Labour now appears to face a major challenge over whether it supports the Trans Pacific Partnership.
And there may be some substance to Government claims that there is a division between the left and right of the caucus on the issue.
As Trade Ministers meet in Hawaii for what many think will be the final negotiating round the party now faces a “make your mind up” moment over whether it supports the Trans Pacific Partnership.
And it appears that events over the weekend and yesterday are causing the party to review its conditional support announced last Thursday.
Then the party issued a set of conditions under which it could support the agreement.
The left were quick off the mark to attack them.
TPP opponent Jane Kelsey described them as conditions “you could drive a bus through”.
“Andrew LIttle needs to have the guts to say to Phil Goff, Mike Moore protégé Clayton Cosgrove, Health minister Annette King (who has been super silent on the health impacts) and David Parker that this deal will place unacceptable handcuffs on future Labour governments and that Labour is going to oppose it – and he needs to do so before the TPPA ministers meet in Maui on Tuesday (tomorrow),” she said.
But last night senior Opposition sources were directing journalists to a blog post by the party’s polling analyst, Rob Salmond, which said: “I’m pretty clear that, given its current position, Labour will oppose the eventual TPP text.”
That was not what the party statement said last Thursday and though Mr Salmond has no official status the fact that journalists were being referred to his blog post hinted at a change in attitude in parts of the Labour caucus.
But Trade spokesman David Parker said he and Leader Andrew Little and Phil Twyford were rock solid on the bottom lines.
“The Nats can’t escape two basic facts here,” he said.
“First our conditions were met in the China FTA — a reasonable bar to jump and second, New Zealanders are overwhelmingly opposed to overseas land sales.”
Meanwhile he was trying to unscramble where the Government stood on what is becoming the key condition for Labour – whether a future Government would have the right to ban house sales to foreigners.
On Sunday the Prime Minister told “Q+A” that the Korean Free Trade agreement “stops us banning Koreans from buying residential property” and because anything in the Korean agreement would be extended to the China Agreement, that meant that the Government couldn’t stop Chinese form buying property here either.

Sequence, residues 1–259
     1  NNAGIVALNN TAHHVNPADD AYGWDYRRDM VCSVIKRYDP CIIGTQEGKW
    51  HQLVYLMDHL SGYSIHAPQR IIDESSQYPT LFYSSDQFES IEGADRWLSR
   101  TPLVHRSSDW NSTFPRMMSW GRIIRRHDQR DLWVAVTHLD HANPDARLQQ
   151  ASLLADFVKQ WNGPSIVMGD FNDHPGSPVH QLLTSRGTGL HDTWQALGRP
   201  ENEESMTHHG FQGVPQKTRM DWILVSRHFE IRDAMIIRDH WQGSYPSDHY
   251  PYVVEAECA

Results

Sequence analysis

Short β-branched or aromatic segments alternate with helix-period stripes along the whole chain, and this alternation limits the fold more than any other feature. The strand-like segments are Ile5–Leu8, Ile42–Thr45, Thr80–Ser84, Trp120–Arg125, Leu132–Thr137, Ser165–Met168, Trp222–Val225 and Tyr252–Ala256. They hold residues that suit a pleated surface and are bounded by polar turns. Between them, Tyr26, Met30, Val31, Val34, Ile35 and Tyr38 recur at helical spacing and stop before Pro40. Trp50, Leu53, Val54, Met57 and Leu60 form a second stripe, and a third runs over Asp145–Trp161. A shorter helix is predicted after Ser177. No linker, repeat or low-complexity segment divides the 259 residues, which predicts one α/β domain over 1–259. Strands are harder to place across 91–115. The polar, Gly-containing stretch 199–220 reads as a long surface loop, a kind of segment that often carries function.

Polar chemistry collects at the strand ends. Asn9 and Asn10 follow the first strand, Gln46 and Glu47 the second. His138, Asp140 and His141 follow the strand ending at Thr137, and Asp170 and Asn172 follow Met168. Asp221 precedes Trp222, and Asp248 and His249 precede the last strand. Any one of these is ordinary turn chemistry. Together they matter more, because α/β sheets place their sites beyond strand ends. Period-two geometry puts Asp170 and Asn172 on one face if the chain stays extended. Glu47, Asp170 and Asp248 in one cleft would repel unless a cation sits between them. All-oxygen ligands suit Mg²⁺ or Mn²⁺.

“I don’t want to ban foreigners from buying residential property,’ Mr Key said.
“I don’t think that’s actually good public policy that works.”
But his Trade Negotiations Minister, Tim Groser, was not quite so sure when he appeared on TV3’s “The Nation” and was asked whether he could guarantee that New Zealand would not face legal action if tried to ban foreign house sales.
“With respect to residential land, if a future government were – contrary to our intentions – wanting to move in a more aggressive way in this, it would depend on how they did it,” he said.
“Can I give you a categorical guarantee that what I think could emerge in TPP would rule out a legal challenge?
“No, I can’t.
“And anyway, there’s always a logical problem here.
“No matter how you construct either domestic or international law, you can’t stop somebody having a crack at you.
“The real issue is whether they succeed.
“So what we’ll be doing over the next few days is ensuring that the legislation that governs these sorts of actions will give future New Zealand governments the best possible defence against such attacks.”
Mr Parker appears to partly agree with Mr Groser and said in an opinion piece in the “NZ Herald” that the South Korean FTA “does not limit the sovereignty of a future NZ government to restrict house sales to foreigners, but it does create a risk of South Korean (legal) claims. “
“While the difficulty of proving substantial loss means an actual suit is unlikely, this is very poor practice by National, which Labour rejects.
“We have called on the government to fix this aspect of the South Korean FTA. “
But though it is clear that Labour MPs like Mr Parker and former Trade Minister Phil Goff would prefer to be able to support the agreement, Mr Key said yesterday their support would not be needed to get any enabling legislation — if it was needed — through Parliament.
He said he believed United Future MP Peter Dunne would vote with the Government which along with ACT’s David Seymour would give it the numbers.
But it did look yesterday as though Mr Key was deliberately muddying the waters in the hope that it might open up the cracks between Jane Kelsey’s supporters in the Labour caucus and the party’s leadership.